J. & C.'s Movie Reviews

Our Notes on Movies Made Public

Archive for December, 2010

True Grit (2010)

Posted by J on December 24, 2010

This is a Western where the women are tough and the men are tougher.  True Grit honors the time and place of post-Civil War Arkansas.    It takes on the spirit of the 1969 original and, assuming you prefer a degree of realism, trumps it.

The story is probably familiar.  A 14-year old woman, Mattie Cole, hires a U.S. Marshall to track down her father’s killer.  This Marshall is Reuben “Rooster” Cogburn, a man that other people say have “true grit.”  Mattie has to talk Cogburn into taking on the job, which is to bring the killer back to court, to be tried and executed under Arkansas law.  Cogburn agrees, but leaves Mattie behind as he heads into Choctaw country.  Bold, but also concerned about Rooster running off with her money, Mattie follows him.  The two are accompanied by LaBoeuf, a Texas Ranger, who doesn’t always get along with either Rooster or Mattie.

There is some gunplay here, of course, and an inevitable showdown.  But the most important feature for all the characters in the movie is their ability to talk.  Because the Coens wrote the movie in a high, mid-nineteenth century dialect, it’ll take a trained ear and a decent vocabulary to watch this movie.  I’ve seen elsewhere that other people have dubbed the movie’s dialogue as “Western Shakespeare,” which is an insult to Shakespeare and to the Coens.  Instead, of all the characters seem to be highly educated Mark Twain characters.  It is even a bit much; read Twain and you’ll see that different degrees of education and experience call for different ways of talking.  It’s a little frustrating that everyone in True Grit talks like the The King but not really anyone talks like Huck Finn. Yet this emphasis on talking is smart.  Tall tales were a primary feature of the Southwest and West, thanks to the locals’ ability to tell a good yarn.  Cogburn seems like not just a character from a tall tale, but someone who could make up one.

The characters talk well and use wit to improve their situations.  The movie’s opens with Mattie bargaining with a horse trader.  The next scene features Rooster testifying in court.  These are long scenes–slow ones to the modern moviegoer–but they establish the necessity in this world of speaking well and bargaining well.  This becomes useful when, late in the movie, Mattie tries to bargain with Ned Pepper.  The nice thing about the movie is that no one is out to harmfully deceive, ala the King and the Duke.  LaBoeuf is a bit of a braggart, but seems to believe what he’s saying about the honor of Texas Rangers.  There’s not a dishonorable character here, including the villains.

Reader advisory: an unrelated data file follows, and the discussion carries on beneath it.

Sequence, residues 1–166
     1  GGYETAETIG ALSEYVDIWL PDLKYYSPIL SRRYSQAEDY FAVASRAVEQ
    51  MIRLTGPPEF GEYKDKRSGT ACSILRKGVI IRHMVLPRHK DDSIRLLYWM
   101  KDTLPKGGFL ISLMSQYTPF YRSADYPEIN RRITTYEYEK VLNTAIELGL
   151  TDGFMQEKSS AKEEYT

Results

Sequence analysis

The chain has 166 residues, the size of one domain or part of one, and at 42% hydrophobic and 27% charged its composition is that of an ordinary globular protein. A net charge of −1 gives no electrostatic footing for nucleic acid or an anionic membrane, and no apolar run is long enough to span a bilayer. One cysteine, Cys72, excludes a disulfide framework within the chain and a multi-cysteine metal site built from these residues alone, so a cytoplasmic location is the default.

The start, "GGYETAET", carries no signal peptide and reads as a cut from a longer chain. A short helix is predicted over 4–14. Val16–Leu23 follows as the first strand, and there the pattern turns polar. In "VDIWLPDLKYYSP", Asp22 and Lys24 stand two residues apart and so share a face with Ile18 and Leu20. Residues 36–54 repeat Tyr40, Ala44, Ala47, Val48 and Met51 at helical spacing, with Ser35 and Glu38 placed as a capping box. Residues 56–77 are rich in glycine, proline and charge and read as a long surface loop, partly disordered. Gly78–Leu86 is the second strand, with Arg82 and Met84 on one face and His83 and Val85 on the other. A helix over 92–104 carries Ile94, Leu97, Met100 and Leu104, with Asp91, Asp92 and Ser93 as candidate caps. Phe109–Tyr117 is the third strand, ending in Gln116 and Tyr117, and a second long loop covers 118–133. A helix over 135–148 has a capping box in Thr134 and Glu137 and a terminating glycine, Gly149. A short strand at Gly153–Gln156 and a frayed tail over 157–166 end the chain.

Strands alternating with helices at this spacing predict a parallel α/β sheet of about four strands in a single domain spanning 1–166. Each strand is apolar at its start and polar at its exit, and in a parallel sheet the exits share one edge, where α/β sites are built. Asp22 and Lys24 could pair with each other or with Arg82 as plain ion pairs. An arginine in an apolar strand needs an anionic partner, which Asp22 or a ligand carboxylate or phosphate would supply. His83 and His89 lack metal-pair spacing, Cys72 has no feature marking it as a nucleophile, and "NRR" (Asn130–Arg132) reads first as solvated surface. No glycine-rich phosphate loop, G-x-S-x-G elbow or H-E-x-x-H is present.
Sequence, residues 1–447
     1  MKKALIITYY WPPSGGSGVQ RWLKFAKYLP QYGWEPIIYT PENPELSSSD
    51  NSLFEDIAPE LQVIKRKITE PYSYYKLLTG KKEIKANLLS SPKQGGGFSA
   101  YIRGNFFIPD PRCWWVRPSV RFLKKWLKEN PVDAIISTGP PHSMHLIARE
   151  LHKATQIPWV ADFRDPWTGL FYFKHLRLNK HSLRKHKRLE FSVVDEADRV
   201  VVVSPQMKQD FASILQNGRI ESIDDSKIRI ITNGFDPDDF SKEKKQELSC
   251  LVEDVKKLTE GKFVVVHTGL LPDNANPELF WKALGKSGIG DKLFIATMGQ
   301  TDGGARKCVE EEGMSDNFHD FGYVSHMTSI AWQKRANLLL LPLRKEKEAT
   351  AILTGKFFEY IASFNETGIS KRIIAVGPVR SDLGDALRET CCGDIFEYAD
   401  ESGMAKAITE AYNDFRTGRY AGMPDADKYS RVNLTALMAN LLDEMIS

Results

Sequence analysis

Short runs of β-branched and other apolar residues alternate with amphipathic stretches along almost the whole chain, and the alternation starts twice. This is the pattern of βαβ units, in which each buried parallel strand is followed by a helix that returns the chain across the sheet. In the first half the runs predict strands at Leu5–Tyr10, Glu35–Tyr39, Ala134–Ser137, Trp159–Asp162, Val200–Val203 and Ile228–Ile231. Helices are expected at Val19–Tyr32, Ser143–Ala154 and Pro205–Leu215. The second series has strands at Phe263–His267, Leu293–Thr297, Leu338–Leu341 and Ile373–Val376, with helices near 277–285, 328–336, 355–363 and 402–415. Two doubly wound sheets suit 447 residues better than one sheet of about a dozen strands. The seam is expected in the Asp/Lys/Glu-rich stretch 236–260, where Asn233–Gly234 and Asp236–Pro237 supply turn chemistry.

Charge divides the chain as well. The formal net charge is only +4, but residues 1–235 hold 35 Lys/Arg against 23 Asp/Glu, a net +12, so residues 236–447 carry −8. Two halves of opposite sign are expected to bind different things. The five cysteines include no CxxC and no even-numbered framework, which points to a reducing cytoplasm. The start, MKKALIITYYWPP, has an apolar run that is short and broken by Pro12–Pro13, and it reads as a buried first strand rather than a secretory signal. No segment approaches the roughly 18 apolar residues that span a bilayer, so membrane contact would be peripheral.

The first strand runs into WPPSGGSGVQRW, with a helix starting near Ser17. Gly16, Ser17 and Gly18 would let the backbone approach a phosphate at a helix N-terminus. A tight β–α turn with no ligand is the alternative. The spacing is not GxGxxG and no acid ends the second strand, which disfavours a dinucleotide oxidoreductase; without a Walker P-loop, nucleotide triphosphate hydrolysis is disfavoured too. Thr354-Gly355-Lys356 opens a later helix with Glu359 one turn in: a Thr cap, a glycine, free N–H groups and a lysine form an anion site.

Unexpectedly, Mattie is the star.  In a movie with Jeff Bridges and Matt Damon, her character outshines them all.  You will wonder why there can’t be more young women like her today.  You will in fact long for the increased frequency of this type of woman.

Entertainment: 10

Intelligence: 8

Morality: 9


Posted in Great, Western | 1 Comment »

Wag the Dog

Posted by J on December 23, 2010

Wag the Dog is satire that doesn’t always want to be.  It could’ve aimed for the biting darkness of Dr. Strangelove, but it likes its character and Mark Knopfler’s soft guitar soundtrack is reminiscent of his music for the Princess Bride.  The movie is somewhat prescient in its depiction of media’s relationship to government during the last ten years.  Perhaps for that reason alone it deserves to be watched.

The premise is somewhat shaky.  The President of the U.S., eleven days before the end of his own re-election campaign, is accused of sexual misconduct with a teenager.  For some reason, the President is in China during a re-election campaign, who knows why at a critical moment in his career.  So the President’s team hires a fix-it guy, Conrad Black, who understands that reality is not what actually happens, but what the TV says happens.  Black’s mission is to distract the American people for eleven days so that the sexual misconduct story is effectively buried until the elections are over.  What to do, what to do?

Oh yes, of course. Start a war!  In the great American tradition of fomenting war by creating some incident and blowing it out of proportion — see the sinking of the Lusitania, the Gulf of Tonkin incident, and Iraq’s weapons of mass destruction (which this movie basically predicts) — Black decides to invent a war with Albania.  His story involves Albanian terrorists and the threat of nuclear weapons smuggled into the United States.  To pull off this stunt, Black hires Stanley Motss, a longtime Hollywood producer who is more interested in doing his job perfectly than in thinking about the morality of inventing a war.  Motss creates a scene of horror with Hollywood magic: a young girl holding a bag of Tostitos is transformed by Motss into an Albanian girl with a kitten who runs away from terrorists.  This scene with the Albanian girl is broadcast nationwide.  For Motss, it’s glorious, his best work ever.